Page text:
drawings of muscles and exercise apparatus

Monday, November 27, 2006

Scots overpowered by Wallaby size

Following the Wallabies' emphatic defeat of Scotland at Murrayfield in Edinburgh on Saturday, it was interesting to note comments by the Scots' coach Frank Hadden:

"It's difficult to front up week after week against heavier sides.

"We've hidden that for a while but the Australian pack were able to create the opportunities for their danger players.

"They have quality backs and when they are going forward they're very difficult to stop."

The rugby community is gradually waking up to the idea that increased size and strength confers a huge advantage in the sport, and not just in the forwards. Heavy backs are also able to gradually wear down their lighter opponents.

It is difficult for a national coach to do much about the physical attributes of his players - he basically has to work with the available material over a very short preparation period. The groundwork for physical dominance has to be laid much earlier - even at school level.

Those in charge of Scottish rugby would do well to investigate what is being achieved at Sydney University in terms of the systematic physical development of young players.


Anonymous said...
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enomis said...

Without doubt it needs to start at school, and in Australia, with the sporty / outdoorsy culture that exists this is done almost without needing to plan it. Kids grow up surfing (learning balance, gaining core muscle strength), playing touch rugby on the beach (passing, deceptive running, bursts of speed), playing volleyball (hand eye coordination, tactical awareness). It is part of everyday life.

There is also a mix of communities that place a large amount of emphasis on sport, and as such there is (normally healthy) competition between these communities.

Sport is encouraged for and participated in by women, e.g. in 2004/2005 there were 25,586 women softball players (http://www.aph.gov.au/senate/committee/ecita_ctte/womeninsport/submissions/sub24.pdf) which is almost three times the number of adult male rugby players in Scotland (8,900 - http://www.irb.com/en/Home/MemberUnionHomePage?UnionID=4&Tab=3)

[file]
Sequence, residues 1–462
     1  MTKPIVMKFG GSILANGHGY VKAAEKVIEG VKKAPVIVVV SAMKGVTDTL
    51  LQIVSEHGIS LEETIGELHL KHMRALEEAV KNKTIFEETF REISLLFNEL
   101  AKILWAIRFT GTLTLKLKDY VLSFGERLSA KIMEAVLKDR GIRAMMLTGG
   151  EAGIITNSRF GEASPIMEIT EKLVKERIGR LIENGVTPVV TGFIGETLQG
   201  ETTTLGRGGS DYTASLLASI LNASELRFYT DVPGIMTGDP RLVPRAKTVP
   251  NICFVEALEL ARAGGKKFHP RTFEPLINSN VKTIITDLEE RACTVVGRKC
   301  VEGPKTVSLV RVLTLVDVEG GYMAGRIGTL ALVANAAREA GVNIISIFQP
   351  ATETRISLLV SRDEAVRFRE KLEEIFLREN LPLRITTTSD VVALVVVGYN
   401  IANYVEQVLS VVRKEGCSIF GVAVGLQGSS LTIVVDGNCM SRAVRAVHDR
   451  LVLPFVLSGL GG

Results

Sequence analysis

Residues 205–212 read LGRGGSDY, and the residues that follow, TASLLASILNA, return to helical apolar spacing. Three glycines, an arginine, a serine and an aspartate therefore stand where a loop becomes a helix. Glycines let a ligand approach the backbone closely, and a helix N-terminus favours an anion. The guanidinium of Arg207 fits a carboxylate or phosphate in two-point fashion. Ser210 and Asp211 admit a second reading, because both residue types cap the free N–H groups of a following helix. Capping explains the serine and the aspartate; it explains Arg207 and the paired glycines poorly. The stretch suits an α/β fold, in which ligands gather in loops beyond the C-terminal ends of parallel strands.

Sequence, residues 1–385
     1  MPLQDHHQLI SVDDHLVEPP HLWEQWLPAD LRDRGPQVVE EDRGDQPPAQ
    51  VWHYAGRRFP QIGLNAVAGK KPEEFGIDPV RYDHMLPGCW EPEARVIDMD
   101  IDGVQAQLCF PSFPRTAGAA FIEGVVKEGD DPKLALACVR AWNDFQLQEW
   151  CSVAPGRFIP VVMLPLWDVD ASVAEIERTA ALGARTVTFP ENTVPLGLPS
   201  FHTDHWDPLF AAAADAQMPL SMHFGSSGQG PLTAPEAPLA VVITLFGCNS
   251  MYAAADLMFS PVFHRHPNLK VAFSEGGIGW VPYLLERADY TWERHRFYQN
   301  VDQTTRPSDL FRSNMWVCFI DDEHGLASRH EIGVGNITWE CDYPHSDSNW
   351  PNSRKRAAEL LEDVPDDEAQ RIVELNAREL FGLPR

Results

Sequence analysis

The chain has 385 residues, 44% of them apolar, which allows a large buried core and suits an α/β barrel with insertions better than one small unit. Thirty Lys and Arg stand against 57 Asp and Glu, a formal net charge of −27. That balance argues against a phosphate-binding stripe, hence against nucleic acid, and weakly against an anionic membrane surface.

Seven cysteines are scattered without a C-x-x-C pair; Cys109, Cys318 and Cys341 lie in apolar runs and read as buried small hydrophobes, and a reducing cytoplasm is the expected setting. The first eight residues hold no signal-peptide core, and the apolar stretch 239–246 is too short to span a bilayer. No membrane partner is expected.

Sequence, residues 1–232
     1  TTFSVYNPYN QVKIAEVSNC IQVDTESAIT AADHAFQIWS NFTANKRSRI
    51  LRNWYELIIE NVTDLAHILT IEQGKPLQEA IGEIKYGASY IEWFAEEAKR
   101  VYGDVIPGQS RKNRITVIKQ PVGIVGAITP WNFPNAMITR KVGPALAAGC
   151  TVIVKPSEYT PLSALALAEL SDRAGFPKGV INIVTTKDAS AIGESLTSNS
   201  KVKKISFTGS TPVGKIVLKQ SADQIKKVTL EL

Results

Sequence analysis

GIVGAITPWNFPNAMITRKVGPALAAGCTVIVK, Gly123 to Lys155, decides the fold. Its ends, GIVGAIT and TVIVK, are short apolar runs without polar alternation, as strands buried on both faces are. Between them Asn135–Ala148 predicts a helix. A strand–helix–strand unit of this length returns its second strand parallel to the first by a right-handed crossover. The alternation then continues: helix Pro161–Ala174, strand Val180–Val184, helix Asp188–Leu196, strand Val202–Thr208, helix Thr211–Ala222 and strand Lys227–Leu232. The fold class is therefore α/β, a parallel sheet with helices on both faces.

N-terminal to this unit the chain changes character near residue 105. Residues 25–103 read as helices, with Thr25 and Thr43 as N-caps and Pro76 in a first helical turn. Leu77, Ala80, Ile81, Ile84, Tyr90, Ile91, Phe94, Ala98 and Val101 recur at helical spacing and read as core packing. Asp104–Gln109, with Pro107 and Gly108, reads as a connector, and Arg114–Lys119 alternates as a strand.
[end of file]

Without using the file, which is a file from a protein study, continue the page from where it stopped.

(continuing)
Aus Population: 20,264,082 (estimate, July 2006 - https://www.cia.gov/cia/publications/factbook/print/as.html)

Compare this to the likes of Scotland. While we love our soccer, it tends to be from a stand or armchair, with a beer and pie in our hands. Kids learn to become armchair experts, play Premiership Manager, brag about how well "their" team is doing, learn to drink cider on street corners and get into fights. OK, not all of them!

Those that do participate in sport have to force themselves out to train in cold and rain for 8 months of the year (and in the warmish weather and rain for the other 4!).

There is a mix of communities, but the Indian and Pakistani communities tend prefer cricket to football or rugby, if they let their kids participate at all. It's too early to say what effect the newer communities (Polish, Czech etc.) will have, but currently it is minimal.

Scot Population: 5,062,011 (Census, 2001 - http://wikitravel.org/en/Scotland)

I guess what I'm saying is that in order to achieve parity with nations like Australia we need, in Scotland, to be looking at a massive change in culture - not just in terms of our sport, but in terms of our society. We need to become more inclusive and our adults need to lead by example, by getting up out of the armchair, putting down the beer and pie, and doing something - anything - other than being a couch potato. It won't fix the issue of being smaller than the other rugby nations overnight, but it would get the genes going in the right direction for generations to come.


Bruce Ross said...

My apologies, enomis, for the delay in responding to your post. It is very thoughtful and insightful.

Australians do have a major advantage in sport because of our climate and this has undoubtedly contributed to the evolution of a sporting culture. A further factor is that in the second half of the nineteenth century, Australians enjoyed one of the world's highest standards of living and relatively low hours of work. This was at a time when the various forms of organised sport were developing.

Thanks for your comment.